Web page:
Ireland has voted to relax its strict abortion laws in a landslide historic referendum held on Friday, BuzzFeed reports. Around two-thirds of the votes were for repealing the country’s Eighth Amendment, a law that equated the right to life of a mother and her unborn child, which effectively outlawed abortion in nearly all circumstances.
"100 years after women gained the right to vote, we have taken the decision to say we trust women and we respect women to make their own decisions and their own choices," Ireland Prime Minister Leo Varadkar said at a press conference on Saturday.
"No more to doctors telling their patients that there’s nothing that can be done for them in their own country, no more lonely journeys across the Irish sea," he continued, referencing the expensive journeys some women would be forced to make in order to get an abortion in another country.
Leo Varadkar quoted Maya Angelou in honour of Irish women who have suffered because of the 8th amendment: “history despite its wrenching pain, cannot be unlived. But if faced with wrenching pain, it need not be lived again.” pic.twitter.com/OyGHAk8Baz— Laura Silver (@laurafleur) May 26, 2018
The referendum effectively means that from Saturday, the terms of the Eighth Amendment are no longer valid. However, the Irish government must now begin creating new laws for abortion in the country, and this process is expected to take some time, although “before at least the end of the year,” BuzzFeed reports. Legislation has been proposed that would allow abortion for any reason up to 12 weeks. After that time period, abortion would be legal in situations where the mother’s life or health is in danger, or if the fetus has a condition in which it will likely die before birth.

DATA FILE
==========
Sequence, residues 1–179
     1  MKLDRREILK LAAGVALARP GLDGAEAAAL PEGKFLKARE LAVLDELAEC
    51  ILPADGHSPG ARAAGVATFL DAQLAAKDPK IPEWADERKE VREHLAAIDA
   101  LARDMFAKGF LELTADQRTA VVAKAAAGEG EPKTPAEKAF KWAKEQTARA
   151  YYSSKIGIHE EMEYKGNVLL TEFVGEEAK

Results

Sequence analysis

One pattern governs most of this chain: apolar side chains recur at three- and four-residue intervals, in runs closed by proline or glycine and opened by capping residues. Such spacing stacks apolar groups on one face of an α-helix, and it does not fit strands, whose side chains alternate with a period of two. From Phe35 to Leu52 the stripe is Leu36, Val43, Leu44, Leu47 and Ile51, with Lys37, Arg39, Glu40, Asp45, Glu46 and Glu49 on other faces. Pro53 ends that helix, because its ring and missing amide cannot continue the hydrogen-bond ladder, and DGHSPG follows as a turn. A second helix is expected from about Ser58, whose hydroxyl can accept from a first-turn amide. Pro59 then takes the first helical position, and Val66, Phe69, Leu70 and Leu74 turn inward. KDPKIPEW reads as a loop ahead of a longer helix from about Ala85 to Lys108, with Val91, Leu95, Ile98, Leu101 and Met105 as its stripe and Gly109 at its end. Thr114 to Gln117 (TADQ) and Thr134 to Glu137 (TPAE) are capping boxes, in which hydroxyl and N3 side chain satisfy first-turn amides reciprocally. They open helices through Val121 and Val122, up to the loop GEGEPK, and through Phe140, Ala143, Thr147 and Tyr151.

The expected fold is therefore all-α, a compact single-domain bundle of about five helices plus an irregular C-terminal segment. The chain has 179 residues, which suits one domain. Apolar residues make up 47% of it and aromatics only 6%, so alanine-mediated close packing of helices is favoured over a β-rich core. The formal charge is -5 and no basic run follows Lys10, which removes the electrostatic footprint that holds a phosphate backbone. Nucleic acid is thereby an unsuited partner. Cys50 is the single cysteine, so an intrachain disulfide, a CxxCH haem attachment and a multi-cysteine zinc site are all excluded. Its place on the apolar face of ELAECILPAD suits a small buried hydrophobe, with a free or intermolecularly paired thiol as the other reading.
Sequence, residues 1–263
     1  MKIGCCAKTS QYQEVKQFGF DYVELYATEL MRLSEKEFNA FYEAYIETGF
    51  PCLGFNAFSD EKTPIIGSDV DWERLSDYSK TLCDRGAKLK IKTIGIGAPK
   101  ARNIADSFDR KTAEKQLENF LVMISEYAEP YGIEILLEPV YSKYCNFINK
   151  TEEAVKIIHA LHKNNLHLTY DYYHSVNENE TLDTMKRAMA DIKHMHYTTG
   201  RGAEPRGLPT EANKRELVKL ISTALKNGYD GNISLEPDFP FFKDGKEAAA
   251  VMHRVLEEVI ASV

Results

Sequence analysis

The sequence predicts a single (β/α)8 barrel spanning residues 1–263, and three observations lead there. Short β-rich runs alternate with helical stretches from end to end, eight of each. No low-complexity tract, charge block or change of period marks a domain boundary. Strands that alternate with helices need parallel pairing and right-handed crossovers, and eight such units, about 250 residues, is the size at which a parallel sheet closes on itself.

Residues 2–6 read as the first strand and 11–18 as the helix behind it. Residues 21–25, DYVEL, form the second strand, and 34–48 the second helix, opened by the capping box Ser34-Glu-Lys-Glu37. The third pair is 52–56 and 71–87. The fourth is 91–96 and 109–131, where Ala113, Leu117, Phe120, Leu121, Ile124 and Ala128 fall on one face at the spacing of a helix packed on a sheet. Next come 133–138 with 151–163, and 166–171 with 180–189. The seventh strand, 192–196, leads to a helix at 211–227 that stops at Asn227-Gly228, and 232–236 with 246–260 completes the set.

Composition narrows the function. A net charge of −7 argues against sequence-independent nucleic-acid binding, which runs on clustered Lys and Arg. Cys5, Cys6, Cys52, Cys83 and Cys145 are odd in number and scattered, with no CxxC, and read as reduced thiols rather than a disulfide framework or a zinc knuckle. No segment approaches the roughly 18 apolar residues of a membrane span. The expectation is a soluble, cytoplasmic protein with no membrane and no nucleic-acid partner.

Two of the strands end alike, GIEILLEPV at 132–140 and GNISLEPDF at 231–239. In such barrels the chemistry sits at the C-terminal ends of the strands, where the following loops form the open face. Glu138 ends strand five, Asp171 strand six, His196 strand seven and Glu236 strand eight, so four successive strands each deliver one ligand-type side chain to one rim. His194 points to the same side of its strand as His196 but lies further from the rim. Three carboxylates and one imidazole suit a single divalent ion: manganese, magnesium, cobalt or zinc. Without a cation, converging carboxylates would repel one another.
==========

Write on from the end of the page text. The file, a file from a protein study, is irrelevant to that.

One of the focal points of the Yes campaign was the case of Savita Halappanavar, a woman who died in 2012 after as a result of a miscarriage after she was denied an abortion. Earlier this week, Halappanavar’s parents had urged voters to vote yes so that “what happened to her won’t happen to any other family.”
"It’s still very emotional after five years. I think about her every day. She didn’t get the medical treatment she needed because of the eighth amendment. They must change the law,” Andanappa Yalagi, Halappanavar’s father, told the Guardian on Wednesday.
Flowers and messages left at a mural for Savita Halappanavar, who died in 2012 after she was refused an abortion pic.twitter.com/eXGqN7vOoq— Eleanor Barlow (@EleanorBarlow) May 26, 2018
Many Irish people, and women in particular, flew back home in order to vote in the referendum, and the phenomenon generated a social media movement called #HomeToVote. Women shared their motivations for assuring women have the right to make decisions over their own bodies in emotional posts throughout the past several days on Twitter.
To everyone travelling #HomeToVote today - you are incredible. Your voice is so important, and we are moved to tears by your determination to use it. ✊🏽✊🏿✊🏻 (Thank you to @moneenlux for the tweet images) pic.twitter.com/zLegf4pQSu— Fawcett Society (@fawcettsociety) May 25, 2018
In America, Roe v. Wade ensures abortion remains legal, but Donald Trump, Mike Pence, and certain sections of the Republican Party are continually working to repeal it or at least to make abortions more difficult for women to get. Studies have proven, time and again, that when abortion is legalized, the rates of deaths from abortion decline significantly and the overall lives and health of women and families improve.